Eyes Above The Waves

Robert O'Callahan. Christian. Repatriate Kiwi. Hacker.

Monday 27 August 2007


I've started using Mercurial, and it's been mostly good. I've run into a few issues that we should address:

  • Mercurial has its own diff.exe and patch.exe tools. I accidentally had them on my path before the MSYS tools and this seemed to cause problems (like 'patch' converted line endings to CRLF in every file it touched). It would be nice if bsmedberg or someone else rolled Mercurial into the Windows build tools package so that other people don't get the opportunity to make this mistake.
  • hg diff doesn't seem to offer a way to change the number of lines of context. So I had to enable and configure the extdiff Mercurial extension. That was a bit annoying.
  • http://hg.mozilla.org/cvs-trunk-mirror has a nice mirror of CVS into Mercurial, updated frequently, with history back to March. This is a nice place to pull from. Unfortunately it doesn't include everything you need to build Firefox; in particular NSPR and NSS must still be pulled from CVS, and extensions/xmlextras was not imported so you need to --disable-xmlextras in .mozconfig (which used to break libxul builds, although I managed to land a fix for that today). There's a client.py script in http://hg.mozilla.org/mozilla-central that can do the CVS pulls of NSS and NSPR, but mozilla-central is not a good place to pull from (it's not updated regularly) so you need to get that script seperately, and then that script has Tamarin stuff in it so I didn't like the look of it... I ended up just pulling NSS and NSPR with manual CVS commands. We need to make it easier to use Mercurial to get a working build. Perhaps someone could embed Mercurial knowlege directly into client.mk so "make -f client.mk pull_all" works with a Mercurial repository just as well as it does with CVS?

On the bright side, Mercurial is fast, even on Windows: whole-tree diffs take me just 5-10 seconds, whole-tree revert is even faster, pulls are fast, and all the basic functionality seems to work fine (I haven't done any merging or branching yet, nor have I used MQ). Best of all the underlying model seems quite simple and I think I understand it having read a few chapters of hgbook. I used git with cairo without ever really understanding what git was doing.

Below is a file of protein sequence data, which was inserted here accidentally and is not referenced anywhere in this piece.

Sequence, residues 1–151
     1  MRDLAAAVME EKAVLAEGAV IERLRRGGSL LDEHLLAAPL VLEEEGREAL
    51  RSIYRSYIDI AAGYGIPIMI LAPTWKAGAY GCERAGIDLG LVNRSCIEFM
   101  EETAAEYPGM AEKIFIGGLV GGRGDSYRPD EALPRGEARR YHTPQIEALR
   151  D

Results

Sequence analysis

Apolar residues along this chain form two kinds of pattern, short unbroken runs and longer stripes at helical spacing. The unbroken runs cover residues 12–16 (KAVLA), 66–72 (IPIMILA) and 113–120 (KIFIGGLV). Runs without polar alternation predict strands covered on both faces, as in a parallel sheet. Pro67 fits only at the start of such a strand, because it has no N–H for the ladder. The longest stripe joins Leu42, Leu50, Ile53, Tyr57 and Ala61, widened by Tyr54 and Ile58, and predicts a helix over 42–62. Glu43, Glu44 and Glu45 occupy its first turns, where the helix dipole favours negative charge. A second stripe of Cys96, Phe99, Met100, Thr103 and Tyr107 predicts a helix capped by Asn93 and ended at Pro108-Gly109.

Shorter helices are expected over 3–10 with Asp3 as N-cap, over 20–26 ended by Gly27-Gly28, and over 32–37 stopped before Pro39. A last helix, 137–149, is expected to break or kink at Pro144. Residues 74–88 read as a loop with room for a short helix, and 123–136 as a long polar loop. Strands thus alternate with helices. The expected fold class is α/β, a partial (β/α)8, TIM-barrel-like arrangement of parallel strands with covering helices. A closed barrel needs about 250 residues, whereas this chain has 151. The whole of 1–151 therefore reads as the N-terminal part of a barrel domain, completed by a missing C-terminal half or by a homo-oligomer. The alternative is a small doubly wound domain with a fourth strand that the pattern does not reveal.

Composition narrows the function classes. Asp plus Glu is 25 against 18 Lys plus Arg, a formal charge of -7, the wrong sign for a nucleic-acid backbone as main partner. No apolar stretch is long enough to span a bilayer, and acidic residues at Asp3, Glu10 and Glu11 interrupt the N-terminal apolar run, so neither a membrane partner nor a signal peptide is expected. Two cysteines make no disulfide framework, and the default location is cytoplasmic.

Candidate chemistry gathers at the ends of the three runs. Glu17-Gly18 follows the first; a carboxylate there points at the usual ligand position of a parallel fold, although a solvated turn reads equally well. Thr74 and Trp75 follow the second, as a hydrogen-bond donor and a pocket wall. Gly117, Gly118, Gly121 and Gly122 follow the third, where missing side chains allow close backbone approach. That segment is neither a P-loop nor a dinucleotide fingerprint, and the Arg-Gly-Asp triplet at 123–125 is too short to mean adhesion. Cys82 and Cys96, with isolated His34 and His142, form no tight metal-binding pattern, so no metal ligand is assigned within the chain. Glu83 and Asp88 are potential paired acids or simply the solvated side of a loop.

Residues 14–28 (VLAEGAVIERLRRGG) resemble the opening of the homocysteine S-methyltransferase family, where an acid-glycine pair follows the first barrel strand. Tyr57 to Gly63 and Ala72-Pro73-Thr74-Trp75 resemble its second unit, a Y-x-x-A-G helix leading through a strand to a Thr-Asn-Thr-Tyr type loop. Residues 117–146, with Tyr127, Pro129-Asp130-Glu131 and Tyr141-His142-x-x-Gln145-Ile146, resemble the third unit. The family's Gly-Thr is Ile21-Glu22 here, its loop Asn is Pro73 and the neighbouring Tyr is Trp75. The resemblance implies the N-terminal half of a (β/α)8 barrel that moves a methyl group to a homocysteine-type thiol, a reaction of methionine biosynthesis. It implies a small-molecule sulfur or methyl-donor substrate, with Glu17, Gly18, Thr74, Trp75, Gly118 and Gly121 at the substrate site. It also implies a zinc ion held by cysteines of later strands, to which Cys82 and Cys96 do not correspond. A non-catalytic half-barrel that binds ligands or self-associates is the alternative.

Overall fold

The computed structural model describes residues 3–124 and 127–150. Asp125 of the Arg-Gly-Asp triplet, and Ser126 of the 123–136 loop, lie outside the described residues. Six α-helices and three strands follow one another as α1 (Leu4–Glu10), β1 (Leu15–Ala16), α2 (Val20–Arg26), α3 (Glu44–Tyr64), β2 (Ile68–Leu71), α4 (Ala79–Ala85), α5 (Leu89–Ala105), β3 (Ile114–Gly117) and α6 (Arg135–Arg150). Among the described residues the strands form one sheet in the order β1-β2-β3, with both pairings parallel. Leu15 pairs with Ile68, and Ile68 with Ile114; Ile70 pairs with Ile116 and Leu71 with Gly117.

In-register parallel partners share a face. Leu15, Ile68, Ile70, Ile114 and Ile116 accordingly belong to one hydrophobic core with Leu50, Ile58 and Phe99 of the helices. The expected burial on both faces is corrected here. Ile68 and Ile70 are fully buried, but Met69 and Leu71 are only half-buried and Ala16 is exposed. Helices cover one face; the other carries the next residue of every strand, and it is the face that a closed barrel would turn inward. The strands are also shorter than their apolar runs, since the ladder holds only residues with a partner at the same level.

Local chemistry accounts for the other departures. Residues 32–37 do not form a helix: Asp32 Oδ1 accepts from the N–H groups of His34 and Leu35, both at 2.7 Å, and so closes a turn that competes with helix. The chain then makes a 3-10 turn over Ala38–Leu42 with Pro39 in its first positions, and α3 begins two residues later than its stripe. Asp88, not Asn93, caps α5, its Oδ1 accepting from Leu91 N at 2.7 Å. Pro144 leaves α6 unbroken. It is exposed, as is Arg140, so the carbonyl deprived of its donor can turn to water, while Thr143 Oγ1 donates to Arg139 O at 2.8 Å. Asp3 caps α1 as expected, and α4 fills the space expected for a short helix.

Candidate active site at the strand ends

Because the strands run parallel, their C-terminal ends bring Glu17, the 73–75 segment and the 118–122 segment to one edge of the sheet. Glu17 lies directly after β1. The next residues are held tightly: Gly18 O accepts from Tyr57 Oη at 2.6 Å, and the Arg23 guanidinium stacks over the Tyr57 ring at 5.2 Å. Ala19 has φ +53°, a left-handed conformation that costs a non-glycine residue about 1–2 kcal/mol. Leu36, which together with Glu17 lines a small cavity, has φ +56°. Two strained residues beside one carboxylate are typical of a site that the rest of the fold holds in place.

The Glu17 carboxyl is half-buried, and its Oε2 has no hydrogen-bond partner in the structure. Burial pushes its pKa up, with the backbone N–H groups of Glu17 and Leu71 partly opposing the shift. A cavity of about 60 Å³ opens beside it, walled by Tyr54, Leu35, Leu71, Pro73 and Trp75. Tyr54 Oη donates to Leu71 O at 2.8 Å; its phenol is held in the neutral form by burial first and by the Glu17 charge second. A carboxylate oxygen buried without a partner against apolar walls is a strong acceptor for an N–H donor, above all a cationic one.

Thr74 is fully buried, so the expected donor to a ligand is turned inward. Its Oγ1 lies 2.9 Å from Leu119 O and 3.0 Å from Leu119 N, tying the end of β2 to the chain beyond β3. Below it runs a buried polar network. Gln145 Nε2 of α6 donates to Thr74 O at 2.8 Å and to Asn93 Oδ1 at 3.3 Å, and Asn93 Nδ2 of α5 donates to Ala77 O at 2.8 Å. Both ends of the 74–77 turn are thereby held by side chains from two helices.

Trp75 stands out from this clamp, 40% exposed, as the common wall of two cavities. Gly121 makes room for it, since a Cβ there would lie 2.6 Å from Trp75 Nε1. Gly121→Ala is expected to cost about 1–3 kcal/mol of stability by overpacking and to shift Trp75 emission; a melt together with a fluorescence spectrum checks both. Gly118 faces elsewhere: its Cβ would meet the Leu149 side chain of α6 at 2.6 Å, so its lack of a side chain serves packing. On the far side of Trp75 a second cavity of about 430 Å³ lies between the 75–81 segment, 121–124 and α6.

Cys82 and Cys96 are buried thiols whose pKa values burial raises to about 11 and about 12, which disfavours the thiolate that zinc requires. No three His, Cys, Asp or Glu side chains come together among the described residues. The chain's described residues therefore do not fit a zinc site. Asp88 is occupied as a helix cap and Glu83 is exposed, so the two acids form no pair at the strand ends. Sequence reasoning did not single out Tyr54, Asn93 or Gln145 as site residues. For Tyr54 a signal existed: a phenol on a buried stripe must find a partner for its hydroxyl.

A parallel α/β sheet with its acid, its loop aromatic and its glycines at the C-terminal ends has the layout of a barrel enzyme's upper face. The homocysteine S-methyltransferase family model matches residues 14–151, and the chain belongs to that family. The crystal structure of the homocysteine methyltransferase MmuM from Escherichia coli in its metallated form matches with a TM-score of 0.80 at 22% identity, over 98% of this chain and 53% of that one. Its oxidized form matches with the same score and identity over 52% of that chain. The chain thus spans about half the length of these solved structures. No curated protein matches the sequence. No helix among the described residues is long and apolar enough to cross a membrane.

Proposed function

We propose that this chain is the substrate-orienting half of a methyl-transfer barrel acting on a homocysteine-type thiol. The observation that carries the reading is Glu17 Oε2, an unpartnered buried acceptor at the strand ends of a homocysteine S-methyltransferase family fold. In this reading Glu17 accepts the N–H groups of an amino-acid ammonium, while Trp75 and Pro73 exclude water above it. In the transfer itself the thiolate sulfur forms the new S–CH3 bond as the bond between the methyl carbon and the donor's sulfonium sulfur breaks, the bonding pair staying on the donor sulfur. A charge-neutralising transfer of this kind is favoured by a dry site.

It seems to me that if cvs-trunk-mirror (or another Mercurial repository) was set up to make it easier to work with for regular trunk builds, developers could move over right now, except for actually checking in patches. Then we could have a flag day where instead of checking into CVS and having the changes propagated to a Mercurial mirror, we check into a Mercurial repository and the changes get propagated to a CVS mirror. LXR, Bonsai, Tinderbox and other tools could work off the CVS mirror so the switch would be pretty easy. There must be something wrong with this picture because smarter people than me have already said it's harder than that :-).


Vladimir Vukicevic
I had the same idea for the transition -- keep the infrastructure going on CVS until we have time to move over. But there's some unspecified other problems with that approach, and I'm not quite sure what those are. :)
Brandon J. Van Every
Thanks for the explanation of where hg builds are really at. I was beginning to wonder why I was finding really trivial build errors in mozilla-central code. Now I know; it's the update lag and lack of integration. Tinderbox of mercurial builds would be nice.
FYI. Personal rant about the format. Feel free to ignore.
Just a general comment. When your blog entry is more than 1 screen long then it is really annoying to read a 3 column content since this makes you scroll up and down 3 times for the same article. I really like your content but the annoying format (atleast for me) makes me a less frequent visitor which is really sad because the content is really good.